Kaempferol; 3, 5, 7, 4′-Tetrahydroxyflavone

Very widespread occurrence, both free and bound as glycosides. The
3-arabinofuranoside, juglanin, and 3-rhamnofuranoside occur in the leaves and
flowers of Aesculus hippocastanum. The 3-rhamnopyranoside, afzelin,
occurs in the heartwood of Afzelia spp. , and the 3-galactoside
trifolin, occurs in the leaves of Trifolium pratense .

Radical scavenger. It shows anti-inflammatory, antibacterial and mutagenic
activities. It inhibits the proliteration of rat Iymphocytes at a concentration
of 10 J M. Also, it inhibits iodothyronine deiodinase, :5-lipoxygenase, and
ionophore-induced arachidonlc acid release and metabolism.

Luteolin; 5, 7, 3′, 4′-Tetrahydroxyflavone

Very widespread occurrence, especially as the 7-glucoside and 7-glucuronide,
e.g., in the petals of Antirrhinum majus . The 7-galactoside and
7-rutinoside occur in Capsella bursa-pastoris, the 3′-glucoside in
Dracocephalum thymiflorum , and the 4′-glucoside in the flowers of
Spartium junceum . The aglycone is also very common, especially in leaf
exudates.

Anti-inflammatory and antibacterial activities. It inhibits iodothyronine
deiodinase, protein kinase C, NADH-oxidase, succinoxidase, lens aldose
reductase, etc. It acts as a nodulation signal to the bacterium Rhizobium
leguminosarum
in pea roots and the bacterium R. meliloti in
lucerne.

Procyanidin; Proanthocyanidin A2; Epicatechin

Occurs in the nuts of Cola acuminata, the berries of Vaccinium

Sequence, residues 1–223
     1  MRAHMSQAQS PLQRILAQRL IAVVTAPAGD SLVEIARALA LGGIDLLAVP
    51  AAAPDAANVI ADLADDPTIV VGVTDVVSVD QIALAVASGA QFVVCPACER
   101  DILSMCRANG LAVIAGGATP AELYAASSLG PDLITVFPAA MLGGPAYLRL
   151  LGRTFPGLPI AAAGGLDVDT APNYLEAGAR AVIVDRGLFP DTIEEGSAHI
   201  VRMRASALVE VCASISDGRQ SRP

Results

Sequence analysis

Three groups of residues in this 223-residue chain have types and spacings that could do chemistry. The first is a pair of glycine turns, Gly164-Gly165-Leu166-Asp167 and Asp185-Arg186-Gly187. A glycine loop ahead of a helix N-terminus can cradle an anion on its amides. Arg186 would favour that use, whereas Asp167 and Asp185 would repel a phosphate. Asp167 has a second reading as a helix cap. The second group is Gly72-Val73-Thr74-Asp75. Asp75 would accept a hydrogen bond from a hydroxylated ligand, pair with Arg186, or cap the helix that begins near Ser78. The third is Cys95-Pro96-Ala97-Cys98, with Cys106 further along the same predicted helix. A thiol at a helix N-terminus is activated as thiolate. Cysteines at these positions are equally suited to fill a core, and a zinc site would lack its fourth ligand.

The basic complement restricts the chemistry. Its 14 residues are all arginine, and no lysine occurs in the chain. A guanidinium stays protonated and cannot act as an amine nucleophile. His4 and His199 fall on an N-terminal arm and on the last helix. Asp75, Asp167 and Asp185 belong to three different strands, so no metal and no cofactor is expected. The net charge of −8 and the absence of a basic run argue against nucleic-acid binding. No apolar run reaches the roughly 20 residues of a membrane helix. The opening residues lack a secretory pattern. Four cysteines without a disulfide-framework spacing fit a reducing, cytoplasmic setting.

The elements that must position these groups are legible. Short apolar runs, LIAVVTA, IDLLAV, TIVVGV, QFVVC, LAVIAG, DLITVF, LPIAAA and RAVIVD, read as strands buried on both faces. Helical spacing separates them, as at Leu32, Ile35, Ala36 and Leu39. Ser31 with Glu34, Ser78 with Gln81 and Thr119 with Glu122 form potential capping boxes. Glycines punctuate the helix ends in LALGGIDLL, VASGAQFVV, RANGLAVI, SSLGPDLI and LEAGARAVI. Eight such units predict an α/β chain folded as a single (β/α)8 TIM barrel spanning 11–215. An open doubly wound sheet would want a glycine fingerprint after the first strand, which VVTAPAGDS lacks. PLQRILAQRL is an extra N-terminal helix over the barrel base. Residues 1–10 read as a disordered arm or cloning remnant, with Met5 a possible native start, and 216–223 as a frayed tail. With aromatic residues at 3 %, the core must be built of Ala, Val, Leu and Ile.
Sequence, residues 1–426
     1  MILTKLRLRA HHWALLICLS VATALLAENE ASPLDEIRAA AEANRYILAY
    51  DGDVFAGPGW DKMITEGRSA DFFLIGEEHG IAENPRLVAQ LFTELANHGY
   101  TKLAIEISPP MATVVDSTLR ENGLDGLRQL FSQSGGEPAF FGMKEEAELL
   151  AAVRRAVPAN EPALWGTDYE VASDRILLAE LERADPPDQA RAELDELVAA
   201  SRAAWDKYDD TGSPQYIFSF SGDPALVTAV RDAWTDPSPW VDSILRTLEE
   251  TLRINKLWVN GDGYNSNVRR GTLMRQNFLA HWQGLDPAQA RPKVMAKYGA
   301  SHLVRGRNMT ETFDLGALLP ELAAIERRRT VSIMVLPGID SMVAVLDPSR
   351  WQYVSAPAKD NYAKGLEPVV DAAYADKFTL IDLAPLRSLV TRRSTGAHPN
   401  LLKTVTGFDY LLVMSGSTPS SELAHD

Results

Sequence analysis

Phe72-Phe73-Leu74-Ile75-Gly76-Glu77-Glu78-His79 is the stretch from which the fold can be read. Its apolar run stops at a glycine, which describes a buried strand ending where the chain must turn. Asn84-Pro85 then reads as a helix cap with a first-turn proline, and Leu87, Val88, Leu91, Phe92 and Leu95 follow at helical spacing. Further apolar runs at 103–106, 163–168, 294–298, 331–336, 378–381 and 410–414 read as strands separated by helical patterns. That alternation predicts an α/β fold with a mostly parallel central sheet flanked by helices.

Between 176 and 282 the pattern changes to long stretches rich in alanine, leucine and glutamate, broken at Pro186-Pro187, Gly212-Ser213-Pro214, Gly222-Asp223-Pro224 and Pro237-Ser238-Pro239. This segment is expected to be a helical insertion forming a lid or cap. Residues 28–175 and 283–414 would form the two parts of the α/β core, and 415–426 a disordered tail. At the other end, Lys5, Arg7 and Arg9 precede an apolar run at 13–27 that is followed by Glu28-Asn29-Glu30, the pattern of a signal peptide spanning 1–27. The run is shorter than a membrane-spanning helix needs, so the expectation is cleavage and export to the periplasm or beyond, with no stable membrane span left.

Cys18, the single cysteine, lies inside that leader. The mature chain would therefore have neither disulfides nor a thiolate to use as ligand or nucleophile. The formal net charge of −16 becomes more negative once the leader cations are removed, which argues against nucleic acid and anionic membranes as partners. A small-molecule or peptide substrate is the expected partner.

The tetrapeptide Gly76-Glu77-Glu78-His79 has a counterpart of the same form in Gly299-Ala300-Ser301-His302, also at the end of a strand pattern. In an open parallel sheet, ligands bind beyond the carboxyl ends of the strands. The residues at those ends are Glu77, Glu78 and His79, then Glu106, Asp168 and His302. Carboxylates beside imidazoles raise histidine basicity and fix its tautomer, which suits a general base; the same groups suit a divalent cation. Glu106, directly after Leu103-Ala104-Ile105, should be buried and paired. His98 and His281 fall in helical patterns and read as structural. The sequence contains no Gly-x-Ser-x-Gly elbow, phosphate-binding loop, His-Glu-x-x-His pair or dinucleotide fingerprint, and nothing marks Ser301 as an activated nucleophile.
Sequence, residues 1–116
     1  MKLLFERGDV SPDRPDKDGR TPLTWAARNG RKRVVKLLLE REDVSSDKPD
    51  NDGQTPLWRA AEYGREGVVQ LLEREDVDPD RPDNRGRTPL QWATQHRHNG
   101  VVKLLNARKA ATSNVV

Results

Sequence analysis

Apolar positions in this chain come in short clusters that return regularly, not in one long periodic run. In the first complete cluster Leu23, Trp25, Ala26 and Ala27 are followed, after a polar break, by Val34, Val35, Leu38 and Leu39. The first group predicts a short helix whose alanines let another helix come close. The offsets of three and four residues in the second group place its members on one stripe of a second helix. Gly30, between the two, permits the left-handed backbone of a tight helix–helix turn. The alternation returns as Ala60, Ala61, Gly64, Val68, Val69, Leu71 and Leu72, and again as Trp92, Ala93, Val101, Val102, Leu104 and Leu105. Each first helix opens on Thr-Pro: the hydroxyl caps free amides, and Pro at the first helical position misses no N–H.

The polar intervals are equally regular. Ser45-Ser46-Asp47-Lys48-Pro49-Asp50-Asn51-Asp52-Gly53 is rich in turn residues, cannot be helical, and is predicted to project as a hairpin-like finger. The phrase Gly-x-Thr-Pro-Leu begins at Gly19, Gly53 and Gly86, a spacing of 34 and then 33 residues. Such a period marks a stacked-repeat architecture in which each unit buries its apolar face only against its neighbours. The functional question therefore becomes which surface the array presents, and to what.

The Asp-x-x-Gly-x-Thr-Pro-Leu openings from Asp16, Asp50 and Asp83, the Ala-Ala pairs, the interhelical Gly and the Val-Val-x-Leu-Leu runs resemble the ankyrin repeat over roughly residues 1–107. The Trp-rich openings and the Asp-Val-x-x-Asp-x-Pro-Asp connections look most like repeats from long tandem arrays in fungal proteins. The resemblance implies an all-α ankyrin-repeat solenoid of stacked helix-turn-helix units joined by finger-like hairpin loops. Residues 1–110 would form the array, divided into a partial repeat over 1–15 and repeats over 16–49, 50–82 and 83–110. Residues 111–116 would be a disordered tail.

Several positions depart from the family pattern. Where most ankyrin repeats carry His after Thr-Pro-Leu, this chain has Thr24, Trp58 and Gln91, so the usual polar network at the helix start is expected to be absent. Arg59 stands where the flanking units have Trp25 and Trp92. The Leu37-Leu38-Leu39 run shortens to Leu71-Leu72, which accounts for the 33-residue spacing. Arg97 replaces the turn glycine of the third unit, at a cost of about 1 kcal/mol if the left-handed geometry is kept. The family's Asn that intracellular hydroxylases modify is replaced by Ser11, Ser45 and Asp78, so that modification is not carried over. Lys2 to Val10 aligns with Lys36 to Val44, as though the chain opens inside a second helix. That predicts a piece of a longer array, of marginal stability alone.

vitis-idaea
, and the fruits of the horse-chestnut, Aesculus
hippocastanum
and Persea gratissima.

Quercetin;; 3, 5, 7, 3′, 4′-Pentahydroxyflavone

The commonest flavonoid in higher plants, usually present in glycosidic form,
but also isolated free from the families Compositae, Passiflorae, Rhamnaceae
and Solanaceae.

Inhibits many enzymes, e.g., protein kinase C, lipogenases, lens aldose
reductase, 3′, 5′-cyclic adenosine monophosphate phosphodiesterases. It is a
radical scavenger. Quercetin also inhibits smooth muscle contraction, and
proliferation of rat Iymphocytes. It is antigonadotropic, anti inflammatory,
antibacterial, antiviral and antihepatotoxic, and shows some mutagenic activity
and allergenic properties.

Rhamnetin; Quercetin 7-methyl ether

Many glycosides are known: e.g., the 3-glucoside in Thalictrum foetidum
, the 3-rhamnoside (xanthorhamnin) in the fruit of Rhamnus
cathartica
and the 3′-glucuronide in Tamarix aphylla. The aglycone
has been found in the aerial parts of many Compositae and Labiatae, and in the
leaf resin of Cistus spp. .

Rhamnetin and its 3-glucoside show antibacterial activity against
Pseudomonas maltophilia and Enterobacter cloacae. It also shows a
moderate contact sensitizing (allergenic) capacity.

Rutin; Quercetin 3-rutinoside; Rutoside

Very widespread occurrence in higher plants, e.g., in Polygonum spp. .
First isolated from rue, Ruta graveolens.

Radical scavenger. Medicinally, it is used against capillary fragility and
varicosis. A more soluble derivative, hydroxyethylrutoside, is also used
clinically. It shows antiviral and antibacterial activities, and it inhibits
lens aldose reductase and _5-lipoxygenase. It is a feeding attractant to the
beetle Gastrophysa atrocynea, which feeds on Polygonum, but a
feeding deterrent to larvae of Heliothis zea. Also, it is a contact
oviposition stimulant to the butterfly Papilio xuthus for laying eggs on
citrus leaves .

Actions: Cardio-tonic, diuretic, astringent, hypotensive.

Hawthorn is the best known of the cardiac tonics, and possibly the most